To start with, it was a beautiful day—a great afternoon to spend outside with friends from all over the metro area. My friend, Nancy Allinson, and I were especially pleased to meet up with dear friends from Bethesda Jewish Congregation and All Souls Church Unitarian and to walk together for solidarity and unity for all faiths in the DC Metro Area.

A thousand of us (give or take) gathered at Washington Hebrew Congregation where the opening ceremony was led by Senior Rabbi, M. Bruce Lustig, who urged people of all faiths to work together for social justice and inclusiveness in our community. There was wild applause when D.C. Council member-at-large Elissa Silverman proudly declared Washington, D.C., to be a sanctuary city welcoming immigrants of all faiths and nationalities.

Emphasizing these powerful messages, we heard a wonderful rendition of Woodie Guthrie’s anthem “This Land is Your Land, This Land is My Land” by the Adam’s Beat Chorus. This fantastic group of Muslim young people brought tears to our eyes.

Along our pilgrimage down Massachusetts Avenue, we visited the magnificent St. Sophia Greek Orthodox Cathedral with its rich interior and stunning icons, most notably the great image of Christ the Omnipotent high above the sanctuary.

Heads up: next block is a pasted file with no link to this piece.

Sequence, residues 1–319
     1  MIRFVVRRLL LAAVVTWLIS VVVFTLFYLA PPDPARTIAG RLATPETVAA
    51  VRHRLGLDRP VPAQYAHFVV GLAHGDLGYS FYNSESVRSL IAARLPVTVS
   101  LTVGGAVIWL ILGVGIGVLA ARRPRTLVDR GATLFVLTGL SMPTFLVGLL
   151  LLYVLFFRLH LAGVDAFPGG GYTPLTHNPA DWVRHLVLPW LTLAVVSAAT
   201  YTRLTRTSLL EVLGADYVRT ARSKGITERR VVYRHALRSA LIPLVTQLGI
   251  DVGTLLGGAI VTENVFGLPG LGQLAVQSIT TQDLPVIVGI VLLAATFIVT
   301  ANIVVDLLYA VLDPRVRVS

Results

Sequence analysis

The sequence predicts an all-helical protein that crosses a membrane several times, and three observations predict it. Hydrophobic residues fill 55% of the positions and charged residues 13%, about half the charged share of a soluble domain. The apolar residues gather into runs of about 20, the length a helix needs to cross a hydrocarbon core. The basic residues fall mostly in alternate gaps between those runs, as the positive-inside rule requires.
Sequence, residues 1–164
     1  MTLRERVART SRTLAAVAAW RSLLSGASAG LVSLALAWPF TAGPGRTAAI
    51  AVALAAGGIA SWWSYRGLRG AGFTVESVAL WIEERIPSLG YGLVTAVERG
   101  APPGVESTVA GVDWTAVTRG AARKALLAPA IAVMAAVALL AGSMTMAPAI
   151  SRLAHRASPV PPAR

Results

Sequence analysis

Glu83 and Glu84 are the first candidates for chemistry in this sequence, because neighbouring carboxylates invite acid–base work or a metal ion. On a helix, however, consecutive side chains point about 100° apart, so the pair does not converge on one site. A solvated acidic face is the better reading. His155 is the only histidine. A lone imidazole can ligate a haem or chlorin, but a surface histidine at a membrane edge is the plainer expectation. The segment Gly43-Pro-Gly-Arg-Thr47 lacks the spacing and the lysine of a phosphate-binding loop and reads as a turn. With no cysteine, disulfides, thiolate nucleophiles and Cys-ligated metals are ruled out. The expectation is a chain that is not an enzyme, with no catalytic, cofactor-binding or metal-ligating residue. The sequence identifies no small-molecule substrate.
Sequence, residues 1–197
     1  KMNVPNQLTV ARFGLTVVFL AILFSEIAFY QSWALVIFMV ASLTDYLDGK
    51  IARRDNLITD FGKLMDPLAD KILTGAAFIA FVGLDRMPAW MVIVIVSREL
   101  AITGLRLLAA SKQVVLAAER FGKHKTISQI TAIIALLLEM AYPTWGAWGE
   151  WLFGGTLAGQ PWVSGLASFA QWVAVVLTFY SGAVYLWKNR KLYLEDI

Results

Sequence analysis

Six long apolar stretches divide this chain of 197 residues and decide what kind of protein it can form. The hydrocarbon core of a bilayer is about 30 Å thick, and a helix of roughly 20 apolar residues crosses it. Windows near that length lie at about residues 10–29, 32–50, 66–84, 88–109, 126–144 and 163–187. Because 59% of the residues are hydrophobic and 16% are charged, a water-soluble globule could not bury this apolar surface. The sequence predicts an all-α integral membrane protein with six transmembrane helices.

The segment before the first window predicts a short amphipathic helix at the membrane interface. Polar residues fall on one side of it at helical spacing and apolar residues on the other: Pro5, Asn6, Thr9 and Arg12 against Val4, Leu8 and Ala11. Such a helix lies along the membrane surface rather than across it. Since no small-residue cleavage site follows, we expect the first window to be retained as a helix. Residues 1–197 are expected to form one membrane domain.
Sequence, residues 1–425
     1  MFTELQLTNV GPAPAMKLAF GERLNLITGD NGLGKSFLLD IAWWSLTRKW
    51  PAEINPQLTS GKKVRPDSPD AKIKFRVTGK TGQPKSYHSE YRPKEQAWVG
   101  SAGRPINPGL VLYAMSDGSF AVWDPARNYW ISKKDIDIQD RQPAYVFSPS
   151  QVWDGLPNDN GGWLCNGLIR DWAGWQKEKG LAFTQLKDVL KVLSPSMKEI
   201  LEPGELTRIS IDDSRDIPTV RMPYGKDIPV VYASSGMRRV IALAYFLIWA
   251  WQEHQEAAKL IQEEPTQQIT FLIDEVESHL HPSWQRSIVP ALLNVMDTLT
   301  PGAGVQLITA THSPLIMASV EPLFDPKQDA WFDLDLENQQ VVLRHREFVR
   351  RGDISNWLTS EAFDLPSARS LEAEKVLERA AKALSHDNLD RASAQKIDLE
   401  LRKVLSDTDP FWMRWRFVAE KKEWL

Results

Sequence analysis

At the Washington, D.C.  Buddhist Cultural Center, we heard an informal talk on the Lotus Sutra and the Nichiren School of Mahayana Buddhism, learned about the basics of the Sokka Gakkai International Buddhist practice, and were fed the most delicious mandarin oranges. I saved one in my pocket for later in the day.

We had great encounters with clergy, nuns and priests at the Apostolic Nunciature of the United States, which is the diplomatic mission of the Vatican to our country. The sisters, who appeared to have all the organizational details of the day’s events well in hand, offered us chocolate chip cookies, ice tea and lemonade. Inside the embassy, we visited its beautiful enclosed garden and chatted with the Apostolic Nuncio, Archbishop Christophe Pierre, about his role in the United States. He was very pleased to learn that we were from the Cathedral Congregation. Archbishop Pierre said he would be meeting directly with Pope Francis in the next few weeks, and I urged him to ask the Pope to say extra prayers for the United States of America during this turbulent time for our country. He assured me he would.

During our walk down Massachusetts Avenue, it was great to meet up with many friends from the Cathedral Congregation. Our next stop was the Embassy of India Consulate, where we were served samosas, those tasty Indian pastries with potato, onion and spicy filling, together with what all of us agreed was the sweetest dessert pastry we’d ever eaten, but whose name I did not catch.

Our day ended with a moving ceremony at the Islamic Center of Washington, where we heard Muslim prayers and a concluding choral piece from the group Mosaic Harmony. It was a great ending to a terrific day spent with friends and fellow congregation members.


Martin Dickinson